WEST ORANGE, NJ — In an effort to revitalize the forest ecology in Essex County’s forest areas, the county’s Deer Management Program will begin on Jan. 15 and continue through March. This year, the program has been modified so that culling will occur on Tuesdays in South Mountain Reservation and Thursdays in Hilltop Reservation.

According to Essex County Executive Joseph DiVincenzo, Jr., controlling the population by removing deer from South Mountain and Hilltop has proven to be very successful in helping to preserve the forest habitat and maintain the county’s reservations “as viable resources for recreation and open space.”

“Each year, we have updated our program to address current conditions, adjusting the number and schedule of days and transitioning into a ‘maintenance mode’ to keep the population at a manageable level,” said DiVincenzo. “This is just one facet of our comprehensive Deer Management Program that also includes creating seed banks to accelerate the re-growth of the forests and installing reflectors and lights to enhance traffic safety by keeping deer from entering the roadway.”

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The scheduled days at South Mountain Reservation, which is located in Maplewood, Millburn and West Orange, are Tuesdays, Jan. 15, 22 and 29 and Feb. 5, 19 and 26 (with a make-up day on Tuesday, March 5 if any previous dates are cancelled).

The days in Hilltop Reservation, located in Cedar Grove, North Caldwell and Verona, are Thursdays, Jan. 17, 24 and 31 and Feb. 7, 14 and 21 (with make-up days on Thursdays, February 28 or March 1st if any previous dates are cancelled).

The program will not be held in Eagle Rock Reservation.

Since 2008, a total of 2,370 deer (1,482 deer and 888 unborn deer) have been removed utilizing the services of experienced and qualified marksmen who volunteer their time, according to the county. Volunteer are licensed by the State of New Jersey and have demonstrated their marksmanship ability and completed an orientation program with the Essex County Department of Parks, Recreation and Cultural Affairs and the Essex County Sheriff’s Office.

When in the reservations, the agents station themselves in trees at least 20 feet above the ground and only take shots at a downward angle.

To maximize safety, South Mountain Reservation, Hilltop Reservation and all parking areas and walking paths inside the two reservations will be closed to the public on the days the program is held in that specific reservation.

Essex County Turtle Back Zoo, Essex County Codey Arena, the Essex County Park-N-Ride facility and McLoone’s Boathouse Restaurant in the Essex County South Mountain Recreation Complex in West Orange and all county roads through the reservations will remain open. The Essex County Sheriff’s Office will coordinate safety patrols with local police departments.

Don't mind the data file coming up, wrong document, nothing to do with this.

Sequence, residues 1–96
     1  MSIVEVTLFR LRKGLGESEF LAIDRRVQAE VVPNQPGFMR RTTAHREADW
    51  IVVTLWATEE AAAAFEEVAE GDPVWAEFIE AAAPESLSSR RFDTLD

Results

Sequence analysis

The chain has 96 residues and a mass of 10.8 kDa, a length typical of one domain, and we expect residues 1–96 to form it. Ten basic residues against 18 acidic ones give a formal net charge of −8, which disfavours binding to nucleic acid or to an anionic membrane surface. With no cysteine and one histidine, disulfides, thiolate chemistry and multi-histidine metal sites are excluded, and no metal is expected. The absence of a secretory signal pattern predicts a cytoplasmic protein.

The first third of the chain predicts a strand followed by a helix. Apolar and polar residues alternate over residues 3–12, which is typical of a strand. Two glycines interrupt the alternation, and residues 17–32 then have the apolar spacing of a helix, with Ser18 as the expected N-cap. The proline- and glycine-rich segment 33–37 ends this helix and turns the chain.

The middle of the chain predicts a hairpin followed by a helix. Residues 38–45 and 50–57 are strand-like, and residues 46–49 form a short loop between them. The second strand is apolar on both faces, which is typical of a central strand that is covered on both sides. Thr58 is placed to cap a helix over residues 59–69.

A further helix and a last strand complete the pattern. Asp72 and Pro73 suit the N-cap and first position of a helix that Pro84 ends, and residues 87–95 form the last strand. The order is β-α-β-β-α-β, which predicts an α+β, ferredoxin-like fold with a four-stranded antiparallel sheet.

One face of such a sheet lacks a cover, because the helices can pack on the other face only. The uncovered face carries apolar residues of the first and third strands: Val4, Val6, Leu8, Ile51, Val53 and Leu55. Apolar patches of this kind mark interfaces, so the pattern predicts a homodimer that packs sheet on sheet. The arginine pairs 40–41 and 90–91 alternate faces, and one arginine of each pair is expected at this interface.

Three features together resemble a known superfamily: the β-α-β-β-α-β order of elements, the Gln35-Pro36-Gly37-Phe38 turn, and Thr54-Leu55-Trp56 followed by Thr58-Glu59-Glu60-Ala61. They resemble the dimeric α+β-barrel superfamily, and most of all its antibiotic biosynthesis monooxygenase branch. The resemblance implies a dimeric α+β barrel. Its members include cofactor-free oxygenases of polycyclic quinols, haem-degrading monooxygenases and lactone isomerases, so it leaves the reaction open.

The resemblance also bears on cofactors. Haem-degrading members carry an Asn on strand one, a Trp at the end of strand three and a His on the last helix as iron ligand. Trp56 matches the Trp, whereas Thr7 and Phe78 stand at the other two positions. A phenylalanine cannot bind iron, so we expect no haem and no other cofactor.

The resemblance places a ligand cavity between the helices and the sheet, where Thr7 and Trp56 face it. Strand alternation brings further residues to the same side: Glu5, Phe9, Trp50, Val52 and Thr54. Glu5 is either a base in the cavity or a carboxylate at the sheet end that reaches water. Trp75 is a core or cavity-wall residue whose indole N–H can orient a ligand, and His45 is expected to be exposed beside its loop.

All deer removed from the reservations are inspected and information about its age, reproductive status, gender and weight, as well as the number of shots fired is collected. They are transported to a New Jersey Department of Health-approved butcher for processing.

Venison is donated to the Community FoodBank of New Jersey in Hillside, which distributes the meat to the needy and homeless. In 2018, 3,439 pounds of venison were donated, providing about 13,700 meals.

Since 2008, a total of 41,859 pounds of venison have been donated to the FoodBank, which equates to about 167,400 meals. Volunteer marksmen who complete at least seven half-day shifts of volunteer service will receive 40 pounds of venison. 

In addition to culling the deer herd, an aggressive replanting program to accelerate the regrowth of the forests is being undertaken in South Mountain Reservation and Eagle Rock Reservation. Forty-seven enclosures (42 in South Mountain and five in Eagle Rock) have been installed where native vegetative species have been planted so their seeds can be reintroduced into the area.

The eight-foot-high fences are designed to prevent deer and other large animals from foraging on the planted areas, but allow smaller animals, such as rodents and birds, to enter and exit. The fences will remain in place for about 25 years.

The planting project was funded with grants from the NJ Green Acres program received by the South Mountain Conservancy and the Eagle Rock Conservancy and grants from the Essex County Recreation and Open Space Trust Fund.

According to the county, replanting native plant species is necessary to restore the forest understory that was being destroyed by the over-browsing of deer. The loss of this vegetation has prevented new trees from growing, created erosion problems, allowed invasive plant species to flourish and caused the number of native animal species that rely on the plants for food or protection to decline.

The third aspect of the Essex County Deer Management Program is enhancing safety on county roads by reducing the number of motor vehicle accidents involving deer. Through a pilot program with the NJ Department of Transportation, Essex County received grant money to install detection devices that reflect motor vehicle headlights and emit a high-pitched noise to scare deer away from the road when cars approach.

The reflectors currently are installed along Cherry Lane, Brookside Drive, JFK Parkway and Parsonage Hill Road in Millburn, Livingston and West Orange.

Sobel & Co, a full-service accounting firm in Livingston specializing in family business and not-for-profits, is the proud sponsor of the Essex County News section of TAPintoLivingston.net and TAPintoWestEssex.net. For more information, visit the Sobel & Co., LLC website.